Seeking Interaction in the Focus Group Method

There is an article that ran in Research Design Review back in 2013 having to do with the interactions that ensue in focus group discussions. Specifically, this article addresses the idea that participants’ interactions have a significant impact on the outcomes of focus group discussions and yet this “facet of the focus group method…is largely ignored in the analysis and reporting of group research.” This article goes on to give an example of a way to think about the interaction effect in the focus group method.

Missing from this article is the question of whether – or the extent to which – interactions even exist in the discussions being analyzed. It seems self-evident that a “discussion” would involve two or more people exchanging ideas and thoughts – that is, an interaction. And yet, one of the most difficult skills to teach in focus group training is how to ignite an interactive environment where participants engage with the moderator as well as with each other. Moderators-in-training are coached on various skills and techniques to spur thoughtful discourse in face-to-face* focus groups and how to create an “engaged discussion environment,” but Read Full Text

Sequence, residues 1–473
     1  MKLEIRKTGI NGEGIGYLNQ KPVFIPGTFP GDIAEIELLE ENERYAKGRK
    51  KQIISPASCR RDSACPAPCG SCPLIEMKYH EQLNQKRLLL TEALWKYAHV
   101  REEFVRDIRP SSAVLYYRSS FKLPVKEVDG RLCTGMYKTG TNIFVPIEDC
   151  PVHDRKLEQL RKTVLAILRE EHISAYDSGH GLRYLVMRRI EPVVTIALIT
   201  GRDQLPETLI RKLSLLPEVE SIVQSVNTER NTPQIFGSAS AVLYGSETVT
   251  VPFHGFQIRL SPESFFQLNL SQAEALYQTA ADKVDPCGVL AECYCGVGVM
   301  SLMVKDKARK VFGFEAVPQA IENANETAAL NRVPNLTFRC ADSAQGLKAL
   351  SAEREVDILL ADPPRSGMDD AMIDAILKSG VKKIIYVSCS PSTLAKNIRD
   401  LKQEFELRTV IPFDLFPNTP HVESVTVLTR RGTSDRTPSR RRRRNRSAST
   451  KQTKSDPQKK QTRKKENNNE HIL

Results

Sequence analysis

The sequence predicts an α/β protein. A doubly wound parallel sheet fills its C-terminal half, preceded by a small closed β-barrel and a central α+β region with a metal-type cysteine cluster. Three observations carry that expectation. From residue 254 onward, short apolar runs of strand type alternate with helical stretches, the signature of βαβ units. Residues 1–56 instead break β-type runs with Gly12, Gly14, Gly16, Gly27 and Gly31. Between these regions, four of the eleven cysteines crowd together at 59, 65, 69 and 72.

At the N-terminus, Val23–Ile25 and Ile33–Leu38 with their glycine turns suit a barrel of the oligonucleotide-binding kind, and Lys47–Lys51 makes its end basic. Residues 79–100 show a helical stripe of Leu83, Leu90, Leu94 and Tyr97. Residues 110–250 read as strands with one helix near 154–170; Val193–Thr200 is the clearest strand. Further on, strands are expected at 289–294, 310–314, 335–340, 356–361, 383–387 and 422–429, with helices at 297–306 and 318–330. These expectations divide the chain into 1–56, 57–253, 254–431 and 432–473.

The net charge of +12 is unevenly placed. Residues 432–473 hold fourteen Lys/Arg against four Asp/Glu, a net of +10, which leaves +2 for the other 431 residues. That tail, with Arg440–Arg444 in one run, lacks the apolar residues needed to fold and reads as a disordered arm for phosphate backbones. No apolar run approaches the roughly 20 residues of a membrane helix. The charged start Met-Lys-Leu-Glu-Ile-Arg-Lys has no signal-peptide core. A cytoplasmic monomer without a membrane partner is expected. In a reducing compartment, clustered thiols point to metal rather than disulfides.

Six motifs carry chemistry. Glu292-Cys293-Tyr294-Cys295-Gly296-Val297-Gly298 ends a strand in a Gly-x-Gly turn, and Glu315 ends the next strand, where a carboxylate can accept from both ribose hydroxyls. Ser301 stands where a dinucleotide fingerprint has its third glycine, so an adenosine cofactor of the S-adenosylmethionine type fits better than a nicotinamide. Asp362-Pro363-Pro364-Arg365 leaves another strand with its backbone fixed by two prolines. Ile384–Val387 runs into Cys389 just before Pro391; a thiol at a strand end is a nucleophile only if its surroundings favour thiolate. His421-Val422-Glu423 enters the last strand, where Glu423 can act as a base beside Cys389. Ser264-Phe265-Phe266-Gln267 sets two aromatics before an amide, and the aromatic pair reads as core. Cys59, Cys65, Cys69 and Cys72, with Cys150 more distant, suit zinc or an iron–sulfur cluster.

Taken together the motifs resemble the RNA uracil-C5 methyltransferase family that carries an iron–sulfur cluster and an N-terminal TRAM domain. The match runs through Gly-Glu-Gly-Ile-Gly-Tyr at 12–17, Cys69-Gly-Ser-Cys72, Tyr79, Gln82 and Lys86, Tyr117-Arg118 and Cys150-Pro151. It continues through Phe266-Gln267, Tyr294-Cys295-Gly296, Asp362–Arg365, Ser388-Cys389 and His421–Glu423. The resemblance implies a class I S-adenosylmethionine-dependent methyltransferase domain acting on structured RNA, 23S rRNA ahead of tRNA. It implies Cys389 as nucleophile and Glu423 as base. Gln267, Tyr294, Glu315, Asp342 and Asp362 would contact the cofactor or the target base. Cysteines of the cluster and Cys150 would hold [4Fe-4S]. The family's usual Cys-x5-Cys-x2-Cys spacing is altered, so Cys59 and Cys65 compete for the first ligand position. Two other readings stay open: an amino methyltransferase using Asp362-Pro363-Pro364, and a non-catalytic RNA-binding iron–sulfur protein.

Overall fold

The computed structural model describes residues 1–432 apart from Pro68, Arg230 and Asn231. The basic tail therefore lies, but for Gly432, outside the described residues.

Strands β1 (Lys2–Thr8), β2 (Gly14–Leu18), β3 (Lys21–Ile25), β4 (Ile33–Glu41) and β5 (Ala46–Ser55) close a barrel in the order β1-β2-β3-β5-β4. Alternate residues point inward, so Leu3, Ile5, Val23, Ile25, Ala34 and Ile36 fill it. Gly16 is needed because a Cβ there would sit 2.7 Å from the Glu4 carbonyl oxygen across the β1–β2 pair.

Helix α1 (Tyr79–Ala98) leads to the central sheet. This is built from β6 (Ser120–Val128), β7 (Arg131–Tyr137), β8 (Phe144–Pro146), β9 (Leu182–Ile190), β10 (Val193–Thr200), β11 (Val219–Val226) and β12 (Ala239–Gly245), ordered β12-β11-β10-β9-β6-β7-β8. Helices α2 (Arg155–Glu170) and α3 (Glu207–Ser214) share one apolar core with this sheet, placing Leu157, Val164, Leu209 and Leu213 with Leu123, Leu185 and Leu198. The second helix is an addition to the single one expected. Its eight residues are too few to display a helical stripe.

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Margaret Roller provides qualitative instruction including workshops and training that are designed to give the staff at university, corporate, and nonprofit organizations the skills and tools they need to design, conduct, analyze and/or report qualitative research studies that ultimately foster targeted, meaningful, and effective directions for the organization or sponsoring client. The sessions can run 1-3 days or be as brief as a lunch and learn. The scope of each workshop or training is tailored to the needs of the organization depending on the skill level of attendees and the organization’s ultimate objective.

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